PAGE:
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ScottyMacEsq
ScottyMacEsq, Lawyer
Category: Family Law
Satisfied Customers: 16213
Experience:  Licensed Texas General Practice Attorney
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My ex-wife, the custodial parent as per the divorce decree,

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My ex-wife, the custodial parent as per the divorce decree, refuses to accept our 14 year old daughter Nicole into her home. Nicole is currently in a temporary home for adolescents in Minneapolis. Nicole has been diagnosed with depression and reactive attachment disorder, self mutilates and has other behavioral issues. I agreed to take temporary custody of Nicole from March 8th to May 8th. I returned Nicole to her mother on May 6th, at which time she refused Nicole into her home. She stayed at a friends house that night. The next day Nicole informed her school counselor that she had no home to go to. The school placed her into the temporary housing. IS THIS CONSIDERED CHILD ABANDONMENT? I will accept Nicole into my home AFTER her abusive mother is charged with this crime.

ScottyMacEsq :

Thank you for using JustAnswer. I am researching your issue and will respond shortly.

ScottyMacEsq :

Even if it is considered abandonment, that is not a crime. "Neglect or endangerment of child" is a crime:

ScottyMacEsq :

609.378 NEGLECT OR ENDANGERMENT OF CHILD.
Subdivision 1.Persons guilty of neglect or endangerment.


(a)(1) A parent, legal guardian, or caretaker who willfully deprives a child of necessary food, clothing, shelter, health care, or supervision appropriate to the child's age, when the parent, guardian, or caretaker is reasonably able to make the necessary provisions and the deprivation harms or is likely to substantially harm the child's physical, mental, or emotional health is guilty of neglect of a child and may be sentenced to imprisonment for not more than one year or to payment of a fine of not more than $3,000, or both. If the deprivation results in substantial harm to the child's physical, mental, or emotional health, the person may be sentenced to imprisonment for not more than five years or to payment of a fine of not more than $10,000, or both. If a parent, guardian, or caretaker responsible for the child's care in good faith selects and depends upon spiritual means or prayer for treatment or care of disease or remedial care of the child, this treatment or care is "health care," for purposes of this clause.


(2) A parent, legal guardian, or caretaker who knowingly permits the continuing physical or sexual abuse of a child is guilty of neglect of a child and may be sentenced to imprisonment for not more than one year or to payment of a fine of not more than $3,000, or both.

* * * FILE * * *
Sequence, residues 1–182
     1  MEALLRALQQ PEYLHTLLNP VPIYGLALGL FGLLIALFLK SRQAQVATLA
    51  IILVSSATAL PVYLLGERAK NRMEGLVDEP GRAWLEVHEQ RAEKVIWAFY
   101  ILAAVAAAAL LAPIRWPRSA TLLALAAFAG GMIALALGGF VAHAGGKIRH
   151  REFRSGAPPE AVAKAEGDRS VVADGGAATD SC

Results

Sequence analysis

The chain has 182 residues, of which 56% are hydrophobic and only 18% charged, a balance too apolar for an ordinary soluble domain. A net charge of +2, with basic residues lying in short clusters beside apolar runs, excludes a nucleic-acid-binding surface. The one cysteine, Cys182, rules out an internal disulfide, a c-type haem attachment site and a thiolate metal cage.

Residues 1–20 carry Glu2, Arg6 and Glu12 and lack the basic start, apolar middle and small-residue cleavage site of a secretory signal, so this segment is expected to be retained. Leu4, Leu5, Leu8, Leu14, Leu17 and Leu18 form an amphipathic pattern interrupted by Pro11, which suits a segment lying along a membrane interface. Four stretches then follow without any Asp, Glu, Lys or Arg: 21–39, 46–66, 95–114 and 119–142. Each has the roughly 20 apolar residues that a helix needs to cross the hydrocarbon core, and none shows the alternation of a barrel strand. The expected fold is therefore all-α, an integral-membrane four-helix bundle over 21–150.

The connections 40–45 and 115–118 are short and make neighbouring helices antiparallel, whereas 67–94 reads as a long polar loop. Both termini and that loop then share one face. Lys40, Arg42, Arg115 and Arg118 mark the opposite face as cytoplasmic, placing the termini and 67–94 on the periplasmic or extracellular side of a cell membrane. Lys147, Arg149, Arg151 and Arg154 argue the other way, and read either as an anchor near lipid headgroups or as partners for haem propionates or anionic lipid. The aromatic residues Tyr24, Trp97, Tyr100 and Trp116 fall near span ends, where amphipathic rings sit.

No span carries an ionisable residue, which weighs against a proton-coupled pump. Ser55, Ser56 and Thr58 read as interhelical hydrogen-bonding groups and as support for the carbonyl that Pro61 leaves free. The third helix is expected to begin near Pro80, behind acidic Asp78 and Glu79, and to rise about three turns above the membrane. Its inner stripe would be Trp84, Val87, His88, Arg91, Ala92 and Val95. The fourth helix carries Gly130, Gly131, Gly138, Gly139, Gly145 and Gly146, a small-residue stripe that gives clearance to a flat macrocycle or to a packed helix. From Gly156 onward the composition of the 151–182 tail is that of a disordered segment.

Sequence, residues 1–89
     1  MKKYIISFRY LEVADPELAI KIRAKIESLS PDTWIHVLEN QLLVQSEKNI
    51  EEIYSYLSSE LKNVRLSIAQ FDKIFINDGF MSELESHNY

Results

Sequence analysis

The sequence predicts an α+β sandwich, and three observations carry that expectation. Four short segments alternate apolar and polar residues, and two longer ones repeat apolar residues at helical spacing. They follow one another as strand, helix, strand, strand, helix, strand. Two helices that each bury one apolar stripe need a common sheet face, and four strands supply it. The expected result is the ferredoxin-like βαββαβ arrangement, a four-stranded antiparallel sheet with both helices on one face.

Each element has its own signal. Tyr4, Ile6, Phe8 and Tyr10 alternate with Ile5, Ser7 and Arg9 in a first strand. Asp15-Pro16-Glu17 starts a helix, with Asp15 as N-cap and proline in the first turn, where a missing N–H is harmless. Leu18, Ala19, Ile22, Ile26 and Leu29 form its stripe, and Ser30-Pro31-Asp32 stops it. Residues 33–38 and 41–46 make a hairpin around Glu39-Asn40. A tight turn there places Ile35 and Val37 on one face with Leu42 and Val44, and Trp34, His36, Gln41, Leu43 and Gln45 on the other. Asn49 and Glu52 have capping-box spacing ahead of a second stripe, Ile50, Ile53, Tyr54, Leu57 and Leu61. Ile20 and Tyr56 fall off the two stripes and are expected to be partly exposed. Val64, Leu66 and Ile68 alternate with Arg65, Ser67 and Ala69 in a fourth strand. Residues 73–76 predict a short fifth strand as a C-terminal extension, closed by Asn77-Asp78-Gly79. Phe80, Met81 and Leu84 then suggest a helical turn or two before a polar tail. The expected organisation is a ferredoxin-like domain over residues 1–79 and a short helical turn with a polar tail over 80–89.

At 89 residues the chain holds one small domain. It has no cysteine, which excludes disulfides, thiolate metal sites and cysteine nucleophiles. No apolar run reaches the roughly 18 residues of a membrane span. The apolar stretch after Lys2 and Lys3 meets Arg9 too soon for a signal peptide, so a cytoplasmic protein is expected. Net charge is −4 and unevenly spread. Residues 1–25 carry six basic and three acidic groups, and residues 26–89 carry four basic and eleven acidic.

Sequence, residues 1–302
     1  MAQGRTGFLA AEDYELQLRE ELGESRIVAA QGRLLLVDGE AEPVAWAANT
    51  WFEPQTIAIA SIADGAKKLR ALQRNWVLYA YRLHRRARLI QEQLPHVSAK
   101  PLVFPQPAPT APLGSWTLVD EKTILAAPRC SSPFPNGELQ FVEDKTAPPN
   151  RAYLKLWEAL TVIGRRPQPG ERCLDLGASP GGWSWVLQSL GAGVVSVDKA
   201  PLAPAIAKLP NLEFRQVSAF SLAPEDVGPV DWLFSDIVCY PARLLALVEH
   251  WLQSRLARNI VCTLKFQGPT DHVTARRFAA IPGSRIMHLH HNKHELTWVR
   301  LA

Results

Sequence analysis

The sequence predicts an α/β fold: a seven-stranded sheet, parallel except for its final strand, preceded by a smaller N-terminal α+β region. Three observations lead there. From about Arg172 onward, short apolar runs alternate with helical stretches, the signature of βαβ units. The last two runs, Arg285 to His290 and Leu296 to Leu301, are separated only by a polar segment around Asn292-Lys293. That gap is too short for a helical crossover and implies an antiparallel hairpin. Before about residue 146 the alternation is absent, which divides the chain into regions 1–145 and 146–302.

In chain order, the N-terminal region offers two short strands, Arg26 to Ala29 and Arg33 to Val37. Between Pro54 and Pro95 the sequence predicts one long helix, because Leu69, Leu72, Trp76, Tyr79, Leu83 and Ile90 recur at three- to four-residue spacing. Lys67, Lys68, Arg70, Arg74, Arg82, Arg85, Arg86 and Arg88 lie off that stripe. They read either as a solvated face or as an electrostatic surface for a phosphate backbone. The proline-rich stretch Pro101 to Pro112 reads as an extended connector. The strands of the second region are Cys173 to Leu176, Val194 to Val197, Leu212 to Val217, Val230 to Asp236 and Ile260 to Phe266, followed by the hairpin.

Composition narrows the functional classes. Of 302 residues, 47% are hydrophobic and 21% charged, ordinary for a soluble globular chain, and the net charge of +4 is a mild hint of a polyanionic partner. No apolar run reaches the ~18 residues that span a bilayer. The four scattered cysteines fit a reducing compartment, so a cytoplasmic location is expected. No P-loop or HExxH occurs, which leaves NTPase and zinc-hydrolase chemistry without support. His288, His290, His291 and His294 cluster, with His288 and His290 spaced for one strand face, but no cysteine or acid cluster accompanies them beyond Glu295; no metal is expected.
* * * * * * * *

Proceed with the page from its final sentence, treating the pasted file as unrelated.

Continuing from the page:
(b) A parent, legal guardian, or caretaker who endangers the child's person or health by:


(1) intentionally or recklessly causing or permitting a child to be placed in a situation likely to substantially harm the child's physical, mental, or emotional health or cause the child's death; or


(2) knowingly causing or permitting the child to be present where any person is selling, manufacturing, possessing immediate precursors or chemical substances with intent to manufacture, or possessing a controlled substance, as defined in section 152.01, subdivision 4, in violation of section 152.021, 152.022, 152.023, 152.024, or(NNN) NNN-NNNN is guilty of child endangerment and may be sentenced to imprisonment for not more than one year or to payment of a fine of not more than $3,000, or both.


If the endangerment results in substantial harm to the child's physical, mental, or emotional health, the person may be sentenced to imprisonment for not more than five years or to payment of a fine of not more than $10,000, or both.


This paragraph does not prevent a parent, legal guardian, or caretaker from causing or permitting a child to engage in activities that are appropriate to the child's age, stage of development, and experience, or from selecting health care as defined in subdivision 1, paragraph (a).


(c) A person who intentionally or recklessly causes a child under 14 years of age to be placed in a situation likely to substantially harm the child's physical health or cause the child's death as a result of the child's access to a loaded firearm is guilty of child endangerment and may be sentenced to imprisonment for not more than one year or to payment of a fine of not more than $3,000, or both.


If the endangerment results in substantial harm to the child's physical health, the person may be sentenced to imprisonment for not more than five years or to payment of a fine of not more than $10,000, or both.
Subd. 2.Defenses.